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Effects of Weight on Adolescent Educational Attainment

In: Economic Aspects of Obesity

  • Robert Kaestner
  • Michael Grossman
  • Benjamin Yarnoff

In this paper, we investigate the association between weight and adolescent's educational attainment, as measured by highest grade attended, highest grade completed, and drop out status. Data for the study came from the 1997 cohort of the National Longitudinal Survey of Youth (NLSY), which contains a large, national sample of teens between the ages of 14 and 18. We obtained estimates of the association between weight and educational attainment using several regression model specifications that controlled for a variety of observed characteristics. Our results suggest that, in general, teens that are overweight or obese have levels of attainment that are about the same as teens with average weight.

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This chapter was published in:
  • Michael Grossman & Naci H. Mocan, 2011. "Economic Aspects of Obesity," NBER Books, National Bureau of Economic Research, Inc, number gros09-1, 07.
  • This item is provided by National Bureau of Economic Research, Inc in its series NBER Chapters with number 11823.
    Handle: RePEc:nbr:nberch:11823
    Contact details of provider: Postal: National Bureau of Economic Research, 1050 Massachusetts Avenue Cambridge, MA 02138, U.S.A.
    Phone: 617-868-3900
    Web page: http://www.nber.org
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    1. Robert Kaestner & Michael Grossman, 2008. "Effects of Weight on Children's Educational Achievement," NBER Working Papers 13764, National Bureau of Economic Research, Inc.
    2. Hanushek, Eric A, 1986. "The Economics of Schooling: Production and Efficiency in Public Schools," Journal of Economic Literature, American Economic Association, vol. 24(3), pages 1141-77, September.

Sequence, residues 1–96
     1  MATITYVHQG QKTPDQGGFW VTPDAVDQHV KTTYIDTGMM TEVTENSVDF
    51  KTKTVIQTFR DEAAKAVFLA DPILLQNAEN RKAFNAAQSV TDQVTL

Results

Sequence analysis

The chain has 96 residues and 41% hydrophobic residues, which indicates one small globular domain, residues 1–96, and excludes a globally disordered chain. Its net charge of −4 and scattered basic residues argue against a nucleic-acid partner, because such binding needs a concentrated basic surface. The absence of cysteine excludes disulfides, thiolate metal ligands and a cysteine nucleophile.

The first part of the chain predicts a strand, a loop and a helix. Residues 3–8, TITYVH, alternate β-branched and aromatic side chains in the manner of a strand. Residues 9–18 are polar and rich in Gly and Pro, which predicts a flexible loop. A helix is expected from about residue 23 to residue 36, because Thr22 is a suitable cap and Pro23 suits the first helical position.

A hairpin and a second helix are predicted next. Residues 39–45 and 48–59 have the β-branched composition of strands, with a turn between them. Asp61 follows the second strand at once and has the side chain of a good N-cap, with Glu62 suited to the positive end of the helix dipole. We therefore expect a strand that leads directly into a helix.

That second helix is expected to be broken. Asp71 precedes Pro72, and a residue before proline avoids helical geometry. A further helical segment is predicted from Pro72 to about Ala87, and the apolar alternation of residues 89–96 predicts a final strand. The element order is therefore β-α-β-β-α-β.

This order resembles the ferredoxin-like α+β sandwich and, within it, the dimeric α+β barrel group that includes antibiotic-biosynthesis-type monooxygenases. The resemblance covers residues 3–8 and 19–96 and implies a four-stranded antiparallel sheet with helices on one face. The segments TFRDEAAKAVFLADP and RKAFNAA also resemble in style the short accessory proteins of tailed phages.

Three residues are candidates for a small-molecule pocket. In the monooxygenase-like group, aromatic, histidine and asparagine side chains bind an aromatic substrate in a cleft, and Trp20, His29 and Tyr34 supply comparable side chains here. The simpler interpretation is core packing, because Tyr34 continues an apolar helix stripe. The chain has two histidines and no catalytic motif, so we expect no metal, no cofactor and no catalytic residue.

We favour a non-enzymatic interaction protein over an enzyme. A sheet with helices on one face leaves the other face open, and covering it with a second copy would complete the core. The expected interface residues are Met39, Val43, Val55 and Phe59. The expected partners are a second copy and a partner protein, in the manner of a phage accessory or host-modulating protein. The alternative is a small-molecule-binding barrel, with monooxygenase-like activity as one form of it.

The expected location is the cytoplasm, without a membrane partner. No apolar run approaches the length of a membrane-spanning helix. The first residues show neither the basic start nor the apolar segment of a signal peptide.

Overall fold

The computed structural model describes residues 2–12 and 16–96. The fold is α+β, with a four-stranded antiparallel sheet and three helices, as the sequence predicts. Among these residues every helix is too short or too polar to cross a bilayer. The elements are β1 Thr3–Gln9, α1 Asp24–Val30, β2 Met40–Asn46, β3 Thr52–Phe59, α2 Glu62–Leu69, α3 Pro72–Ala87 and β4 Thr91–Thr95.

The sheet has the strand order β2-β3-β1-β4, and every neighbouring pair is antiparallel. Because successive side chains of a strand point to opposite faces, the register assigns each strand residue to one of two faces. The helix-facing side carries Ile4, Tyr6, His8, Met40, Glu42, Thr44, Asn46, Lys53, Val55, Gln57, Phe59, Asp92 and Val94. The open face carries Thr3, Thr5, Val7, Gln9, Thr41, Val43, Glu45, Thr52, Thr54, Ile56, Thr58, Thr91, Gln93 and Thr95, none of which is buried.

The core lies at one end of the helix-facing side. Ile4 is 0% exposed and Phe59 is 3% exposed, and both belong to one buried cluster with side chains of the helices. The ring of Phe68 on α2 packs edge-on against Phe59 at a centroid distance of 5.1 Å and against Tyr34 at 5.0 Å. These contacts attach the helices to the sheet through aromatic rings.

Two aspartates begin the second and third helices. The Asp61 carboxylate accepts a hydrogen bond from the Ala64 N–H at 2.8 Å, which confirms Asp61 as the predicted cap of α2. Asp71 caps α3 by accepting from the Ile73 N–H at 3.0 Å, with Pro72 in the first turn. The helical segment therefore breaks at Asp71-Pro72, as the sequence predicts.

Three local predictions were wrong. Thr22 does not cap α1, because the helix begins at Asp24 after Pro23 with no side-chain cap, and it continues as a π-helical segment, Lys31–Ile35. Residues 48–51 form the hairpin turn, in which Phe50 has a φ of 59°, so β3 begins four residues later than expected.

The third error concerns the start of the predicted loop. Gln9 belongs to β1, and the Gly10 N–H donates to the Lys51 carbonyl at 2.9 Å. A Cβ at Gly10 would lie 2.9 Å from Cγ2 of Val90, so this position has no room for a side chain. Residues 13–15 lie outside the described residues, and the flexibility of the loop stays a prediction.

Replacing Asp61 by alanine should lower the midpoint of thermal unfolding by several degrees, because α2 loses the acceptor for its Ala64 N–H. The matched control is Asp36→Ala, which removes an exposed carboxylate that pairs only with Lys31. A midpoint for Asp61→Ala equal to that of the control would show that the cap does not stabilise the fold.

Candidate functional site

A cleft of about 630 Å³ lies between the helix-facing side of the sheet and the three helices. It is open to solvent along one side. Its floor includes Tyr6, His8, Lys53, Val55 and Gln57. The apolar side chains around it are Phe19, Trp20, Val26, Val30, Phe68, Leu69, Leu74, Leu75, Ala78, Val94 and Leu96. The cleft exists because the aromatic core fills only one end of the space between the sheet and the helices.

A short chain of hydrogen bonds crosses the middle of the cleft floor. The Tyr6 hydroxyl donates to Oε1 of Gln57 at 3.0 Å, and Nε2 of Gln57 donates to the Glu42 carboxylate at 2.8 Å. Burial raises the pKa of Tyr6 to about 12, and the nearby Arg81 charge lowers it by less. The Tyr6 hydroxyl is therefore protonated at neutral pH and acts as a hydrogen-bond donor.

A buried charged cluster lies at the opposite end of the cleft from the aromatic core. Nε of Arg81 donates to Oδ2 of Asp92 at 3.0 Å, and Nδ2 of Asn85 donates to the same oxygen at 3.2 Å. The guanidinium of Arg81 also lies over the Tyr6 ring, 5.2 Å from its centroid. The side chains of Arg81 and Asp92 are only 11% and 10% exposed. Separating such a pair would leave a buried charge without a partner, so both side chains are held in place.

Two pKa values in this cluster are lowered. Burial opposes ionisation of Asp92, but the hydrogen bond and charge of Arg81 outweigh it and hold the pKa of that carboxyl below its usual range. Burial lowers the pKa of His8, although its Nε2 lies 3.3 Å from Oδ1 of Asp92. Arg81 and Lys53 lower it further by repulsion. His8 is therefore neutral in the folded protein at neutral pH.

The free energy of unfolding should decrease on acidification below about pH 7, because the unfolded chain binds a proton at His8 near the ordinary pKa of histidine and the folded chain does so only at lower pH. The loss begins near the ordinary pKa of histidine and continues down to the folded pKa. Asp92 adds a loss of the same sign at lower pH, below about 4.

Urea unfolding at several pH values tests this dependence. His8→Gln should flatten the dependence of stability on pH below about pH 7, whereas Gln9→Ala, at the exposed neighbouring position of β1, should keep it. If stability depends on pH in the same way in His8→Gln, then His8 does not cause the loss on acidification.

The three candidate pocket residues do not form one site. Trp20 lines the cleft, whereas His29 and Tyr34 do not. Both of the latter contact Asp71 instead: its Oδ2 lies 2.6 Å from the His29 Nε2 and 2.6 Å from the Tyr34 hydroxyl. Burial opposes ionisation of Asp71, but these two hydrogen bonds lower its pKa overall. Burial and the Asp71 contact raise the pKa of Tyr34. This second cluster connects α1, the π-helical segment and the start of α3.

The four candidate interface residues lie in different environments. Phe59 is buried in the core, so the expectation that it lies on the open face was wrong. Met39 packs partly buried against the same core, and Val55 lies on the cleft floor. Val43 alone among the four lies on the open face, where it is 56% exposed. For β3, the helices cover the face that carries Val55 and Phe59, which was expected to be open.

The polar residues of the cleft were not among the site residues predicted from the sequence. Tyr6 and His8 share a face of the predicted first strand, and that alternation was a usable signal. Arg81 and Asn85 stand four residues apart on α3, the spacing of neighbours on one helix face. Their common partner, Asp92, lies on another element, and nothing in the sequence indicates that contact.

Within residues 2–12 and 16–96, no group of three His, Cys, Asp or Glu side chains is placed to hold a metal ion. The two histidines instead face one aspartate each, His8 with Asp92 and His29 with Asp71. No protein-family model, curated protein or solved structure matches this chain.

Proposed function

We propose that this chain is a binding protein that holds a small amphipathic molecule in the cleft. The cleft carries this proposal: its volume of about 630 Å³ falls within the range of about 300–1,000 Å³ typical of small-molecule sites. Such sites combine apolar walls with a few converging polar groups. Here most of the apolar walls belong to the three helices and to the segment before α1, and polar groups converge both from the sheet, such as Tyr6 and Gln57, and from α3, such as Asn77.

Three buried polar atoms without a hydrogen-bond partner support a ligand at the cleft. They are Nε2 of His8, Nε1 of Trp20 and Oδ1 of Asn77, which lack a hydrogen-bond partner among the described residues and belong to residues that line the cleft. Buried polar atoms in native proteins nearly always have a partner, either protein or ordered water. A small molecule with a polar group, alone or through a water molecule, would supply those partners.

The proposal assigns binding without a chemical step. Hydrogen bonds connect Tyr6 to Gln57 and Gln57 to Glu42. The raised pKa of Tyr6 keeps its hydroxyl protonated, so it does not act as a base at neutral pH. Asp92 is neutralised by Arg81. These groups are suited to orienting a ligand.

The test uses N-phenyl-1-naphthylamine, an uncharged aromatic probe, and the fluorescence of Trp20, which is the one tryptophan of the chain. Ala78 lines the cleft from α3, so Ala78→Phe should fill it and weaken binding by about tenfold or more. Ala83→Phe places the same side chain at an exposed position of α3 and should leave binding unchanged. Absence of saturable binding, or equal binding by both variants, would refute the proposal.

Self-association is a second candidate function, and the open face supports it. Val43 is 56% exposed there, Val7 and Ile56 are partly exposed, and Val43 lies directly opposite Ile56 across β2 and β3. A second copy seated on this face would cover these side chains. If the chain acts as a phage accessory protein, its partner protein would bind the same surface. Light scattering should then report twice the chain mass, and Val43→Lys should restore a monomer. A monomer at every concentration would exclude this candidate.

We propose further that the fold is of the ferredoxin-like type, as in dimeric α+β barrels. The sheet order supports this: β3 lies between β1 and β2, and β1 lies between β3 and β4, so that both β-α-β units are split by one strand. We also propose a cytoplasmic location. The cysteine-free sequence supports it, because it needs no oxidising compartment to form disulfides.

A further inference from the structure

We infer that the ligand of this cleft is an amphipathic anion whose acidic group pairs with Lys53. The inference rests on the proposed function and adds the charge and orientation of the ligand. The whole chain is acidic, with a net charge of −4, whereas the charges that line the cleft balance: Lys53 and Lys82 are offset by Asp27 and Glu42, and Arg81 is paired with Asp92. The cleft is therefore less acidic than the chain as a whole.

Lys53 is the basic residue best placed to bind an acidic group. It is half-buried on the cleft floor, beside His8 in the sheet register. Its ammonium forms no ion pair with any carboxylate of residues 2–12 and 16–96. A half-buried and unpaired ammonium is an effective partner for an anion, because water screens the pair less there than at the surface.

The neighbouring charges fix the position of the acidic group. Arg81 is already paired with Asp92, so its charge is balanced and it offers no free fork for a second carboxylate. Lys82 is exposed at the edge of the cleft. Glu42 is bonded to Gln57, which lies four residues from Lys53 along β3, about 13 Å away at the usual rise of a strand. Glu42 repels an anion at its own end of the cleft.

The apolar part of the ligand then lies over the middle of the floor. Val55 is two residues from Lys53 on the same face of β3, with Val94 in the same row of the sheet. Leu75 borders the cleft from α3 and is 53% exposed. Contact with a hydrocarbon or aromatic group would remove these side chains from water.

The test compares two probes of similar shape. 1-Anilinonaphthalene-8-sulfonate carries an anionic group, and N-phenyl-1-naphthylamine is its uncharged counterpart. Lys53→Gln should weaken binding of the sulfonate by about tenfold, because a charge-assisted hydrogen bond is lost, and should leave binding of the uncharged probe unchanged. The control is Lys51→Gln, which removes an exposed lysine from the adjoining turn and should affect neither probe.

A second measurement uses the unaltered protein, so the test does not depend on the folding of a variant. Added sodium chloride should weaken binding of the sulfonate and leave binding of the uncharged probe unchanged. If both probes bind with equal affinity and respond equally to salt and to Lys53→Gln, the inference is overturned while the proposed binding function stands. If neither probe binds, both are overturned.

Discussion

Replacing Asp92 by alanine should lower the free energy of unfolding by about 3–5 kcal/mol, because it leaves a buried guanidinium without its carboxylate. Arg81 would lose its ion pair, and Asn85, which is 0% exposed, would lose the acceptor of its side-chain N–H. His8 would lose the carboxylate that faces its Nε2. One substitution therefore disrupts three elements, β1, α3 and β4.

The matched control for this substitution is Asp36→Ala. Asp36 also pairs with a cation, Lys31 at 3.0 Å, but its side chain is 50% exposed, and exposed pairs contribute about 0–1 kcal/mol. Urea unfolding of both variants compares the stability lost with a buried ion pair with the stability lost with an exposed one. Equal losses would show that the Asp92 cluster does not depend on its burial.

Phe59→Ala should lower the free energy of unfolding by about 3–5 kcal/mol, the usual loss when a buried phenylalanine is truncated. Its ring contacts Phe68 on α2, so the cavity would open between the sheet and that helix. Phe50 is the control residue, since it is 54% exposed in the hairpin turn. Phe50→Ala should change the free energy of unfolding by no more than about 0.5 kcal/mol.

3. Susan Averett & Sanders Korenman, 1996. "The Economic Reality of the Beauty Myth," Journal of Human Resources, University of Wisconsin Press, vol. 31(2), pages 304-330.
    4. John Cawley, 2004. "The Impact of Obesity on Wages," Journal of Human Resources, University of Wisconsin Press, vol. 39(2).
    5. Petra E. Todd & Kenneth I. Wolpin, 2003. "On The Specification and Estimation of The Production Function for Cognitive Achievement," Economic Journal, Royal Economic Society, vol. 113(485), pages F3-F33, February.
    6. Joseph J. Sabia, 2007. "The Effect of Body Weight on Adolescent Academic Performance," Southern Economic Journal, Southern Economic Association, vol. 73(4), pages 871–900, April.
    7. Petra E. Todd & Kenneth I. Wolpin, 2004. "The Production of Cognitive Achievement in Children: Home, School and Racial Test Score Gaps," PIER Working Paper Archive 04-019, Penn Institute for Economic Research, Department of Economics, University of Pennsylvania.
    8. Robert A. Shakotko & Linda N. Edwards & Michael Grossman, 1980. "An Exploration of the Dynamic Relationship between Health and Cognitive Development in Adolescence," NBER Working Papers 0454, National Bureau of Economic Research, Inc.
    9. Mark R. Rosenzweig & Kenneth I. Wolpin, 1994. "Are There Increasing Returns to the Intergenerational Production of Human Capital? Maternal Schooling and Child Intellectual Achievement," Journal of Human Resources, University of Wisconsin Press, vol. 29(2), pages 670-693.
    10. Linda N. Edwards & Michael Grossman, 1979. "Adolescent Health, Family Background, and Preventive Medical Care," NBER Working Papers 0398, National Bureau of Economic Research, Inc.
    11. Blau, Francine D & Grossberg, Adam J, 1992. "Maternal Labor Supply and Children's Cognitive Development," The Review of Economics and Statistics, MIT Press, vol. 74(3), pages 474-81, August.
    12. Ding, Weili & Lehrer, Steven F. & Rosenquist, J.Niels & Audrain-McGovern, Janet, 2009. "The impact of poor health on academic performance: New evidence using genetic markers," Journal of Health Economics, Elsevier, vol. 28(3), pages 578-597, May.
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